In essence, what they attempted to develop was a smaller group, made up of believers only, within the larger church or corporate gathering which was open to any and all and could have a large number of unbelievers present, not dissimilar from our worship services today.  Conversely, within these smaller groups they sought to have a pure meeting of believers.  How were these little churches structured and what did they do?  Lloyd-Jones continues

“But we must give some general indication as to how this idea was put into operation. There are certain things which were common to practically all of them. For instance, they were all animated by that same fundamental idea. They all likewise stressed the voluntary membership of these nuclei. People could either join this inner church, this little nucleus, or not; it was left entirely to their own volition. But the moment you did join you had to submit to a very strict discipline. They kept a list of members and observed their attendances very closely, and if a man or a woman failed to turn up with regularity he or she would be excluded, excommunicated. Sometimes indeed, a fine was imposed.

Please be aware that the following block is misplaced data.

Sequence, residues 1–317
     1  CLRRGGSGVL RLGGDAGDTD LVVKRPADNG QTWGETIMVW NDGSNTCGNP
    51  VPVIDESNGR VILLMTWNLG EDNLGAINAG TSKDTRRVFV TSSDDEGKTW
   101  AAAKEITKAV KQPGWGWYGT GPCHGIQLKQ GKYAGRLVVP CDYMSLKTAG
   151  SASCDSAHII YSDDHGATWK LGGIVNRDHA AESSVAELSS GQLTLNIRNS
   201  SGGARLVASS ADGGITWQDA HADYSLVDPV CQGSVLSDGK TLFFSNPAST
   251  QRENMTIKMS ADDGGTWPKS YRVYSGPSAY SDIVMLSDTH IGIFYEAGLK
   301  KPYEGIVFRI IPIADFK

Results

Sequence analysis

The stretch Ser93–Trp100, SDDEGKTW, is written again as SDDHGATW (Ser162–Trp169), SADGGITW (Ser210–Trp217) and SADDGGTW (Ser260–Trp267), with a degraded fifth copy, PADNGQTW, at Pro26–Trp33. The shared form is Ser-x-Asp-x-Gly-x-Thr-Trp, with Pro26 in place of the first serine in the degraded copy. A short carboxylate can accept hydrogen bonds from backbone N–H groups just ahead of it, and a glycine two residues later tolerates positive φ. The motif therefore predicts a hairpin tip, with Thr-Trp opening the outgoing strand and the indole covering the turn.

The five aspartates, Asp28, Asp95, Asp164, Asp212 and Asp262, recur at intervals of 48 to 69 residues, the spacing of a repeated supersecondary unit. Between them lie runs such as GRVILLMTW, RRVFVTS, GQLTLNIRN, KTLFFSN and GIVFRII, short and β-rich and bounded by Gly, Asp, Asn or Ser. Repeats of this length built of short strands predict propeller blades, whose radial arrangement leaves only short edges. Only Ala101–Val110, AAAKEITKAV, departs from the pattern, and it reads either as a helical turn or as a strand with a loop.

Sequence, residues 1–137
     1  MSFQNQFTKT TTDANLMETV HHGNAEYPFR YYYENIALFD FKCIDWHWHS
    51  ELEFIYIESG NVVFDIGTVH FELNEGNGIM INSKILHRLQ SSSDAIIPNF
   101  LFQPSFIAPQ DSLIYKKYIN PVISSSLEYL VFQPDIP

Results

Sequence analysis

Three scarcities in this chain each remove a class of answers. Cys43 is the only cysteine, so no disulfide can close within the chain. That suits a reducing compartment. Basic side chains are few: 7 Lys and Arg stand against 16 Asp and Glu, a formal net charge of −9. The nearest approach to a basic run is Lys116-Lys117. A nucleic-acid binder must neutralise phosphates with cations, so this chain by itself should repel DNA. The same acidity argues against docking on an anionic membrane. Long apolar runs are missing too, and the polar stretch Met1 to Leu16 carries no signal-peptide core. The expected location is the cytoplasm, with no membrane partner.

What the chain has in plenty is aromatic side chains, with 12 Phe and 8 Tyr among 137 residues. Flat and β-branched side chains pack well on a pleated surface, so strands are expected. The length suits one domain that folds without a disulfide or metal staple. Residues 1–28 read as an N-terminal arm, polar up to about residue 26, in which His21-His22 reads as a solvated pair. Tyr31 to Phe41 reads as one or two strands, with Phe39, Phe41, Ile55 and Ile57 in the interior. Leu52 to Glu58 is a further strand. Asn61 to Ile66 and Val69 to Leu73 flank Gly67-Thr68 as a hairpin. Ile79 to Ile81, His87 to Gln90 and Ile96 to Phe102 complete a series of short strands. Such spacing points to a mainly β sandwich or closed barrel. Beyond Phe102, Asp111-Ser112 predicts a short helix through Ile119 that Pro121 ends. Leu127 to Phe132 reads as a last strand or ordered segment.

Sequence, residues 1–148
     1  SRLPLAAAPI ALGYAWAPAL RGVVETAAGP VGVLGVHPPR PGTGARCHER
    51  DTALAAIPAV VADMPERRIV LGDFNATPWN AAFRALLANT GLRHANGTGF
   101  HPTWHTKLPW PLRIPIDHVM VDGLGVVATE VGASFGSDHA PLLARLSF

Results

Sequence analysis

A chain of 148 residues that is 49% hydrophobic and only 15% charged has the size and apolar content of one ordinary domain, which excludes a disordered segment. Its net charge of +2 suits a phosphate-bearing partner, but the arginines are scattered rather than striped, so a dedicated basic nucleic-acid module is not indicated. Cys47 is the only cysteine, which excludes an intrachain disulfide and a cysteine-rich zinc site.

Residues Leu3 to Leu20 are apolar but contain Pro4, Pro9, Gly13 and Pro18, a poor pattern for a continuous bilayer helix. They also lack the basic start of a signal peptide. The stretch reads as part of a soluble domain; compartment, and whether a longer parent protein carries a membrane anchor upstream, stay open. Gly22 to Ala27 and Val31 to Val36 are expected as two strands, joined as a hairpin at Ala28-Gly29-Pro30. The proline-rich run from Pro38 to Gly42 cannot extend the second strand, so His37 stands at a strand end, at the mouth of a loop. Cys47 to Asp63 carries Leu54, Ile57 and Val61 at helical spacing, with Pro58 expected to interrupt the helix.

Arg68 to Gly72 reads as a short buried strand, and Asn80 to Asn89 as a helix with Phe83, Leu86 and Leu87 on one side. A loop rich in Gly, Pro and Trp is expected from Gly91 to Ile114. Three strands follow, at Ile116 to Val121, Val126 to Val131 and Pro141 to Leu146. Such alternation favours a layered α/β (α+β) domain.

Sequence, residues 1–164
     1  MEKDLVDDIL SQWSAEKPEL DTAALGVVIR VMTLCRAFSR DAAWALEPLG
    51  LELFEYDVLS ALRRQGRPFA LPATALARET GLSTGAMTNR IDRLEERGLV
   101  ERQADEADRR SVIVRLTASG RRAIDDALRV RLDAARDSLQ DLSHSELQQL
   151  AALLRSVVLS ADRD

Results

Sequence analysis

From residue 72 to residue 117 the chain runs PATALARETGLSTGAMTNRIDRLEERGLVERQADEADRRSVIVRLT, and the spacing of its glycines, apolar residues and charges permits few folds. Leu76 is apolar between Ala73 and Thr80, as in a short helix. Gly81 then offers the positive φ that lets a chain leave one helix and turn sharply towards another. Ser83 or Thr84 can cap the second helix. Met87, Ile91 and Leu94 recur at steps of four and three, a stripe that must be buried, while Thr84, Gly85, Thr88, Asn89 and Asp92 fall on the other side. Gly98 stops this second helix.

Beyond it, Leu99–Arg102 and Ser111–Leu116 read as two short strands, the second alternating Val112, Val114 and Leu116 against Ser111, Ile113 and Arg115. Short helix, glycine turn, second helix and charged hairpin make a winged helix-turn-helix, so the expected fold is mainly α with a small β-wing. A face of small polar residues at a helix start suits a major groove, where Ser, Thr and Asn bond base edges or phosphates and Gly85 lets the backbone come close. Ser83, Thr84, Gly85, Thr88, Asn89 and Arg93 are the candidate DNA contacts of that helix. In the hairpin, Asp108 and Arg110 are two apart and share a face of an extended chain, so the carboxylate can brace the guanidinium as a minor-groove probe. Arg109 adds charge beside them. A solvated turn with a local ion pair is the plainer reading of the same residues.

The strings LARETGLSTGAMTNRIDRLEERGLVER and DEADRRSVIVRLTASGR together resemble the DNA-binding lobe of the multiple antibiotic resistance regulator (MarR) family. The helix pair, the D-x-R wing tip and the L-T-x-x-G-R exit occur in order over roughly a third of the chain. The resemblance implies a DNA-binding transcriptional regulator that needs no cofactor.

What did they do in these societies? Actually there was a good deal of variation about this, but the central idea in all of them was that the meetings should be an occasion for instruction which could not be given in the open preaching. Most of them held this kind of meeting of this select company, the true believers in the church, once a week. They met in a more informal manner, and there they could go over the sermons preached on the previous Sunday, and people would have opportunities for asking questions and discussion. Some gave opportunity for people to relate their experiences, others frowned upon that and did not believe in it at all. In the case of those that appeared in Germany there was a good deal of discussion of doctrine, and indeed at times of philosophy, and they almost became debating societies; whereas in others doctrinal discussions were completely banned and prohibited. So you see there was this considerable variation in the way in which meetings were conducted, but this does not affect the principle.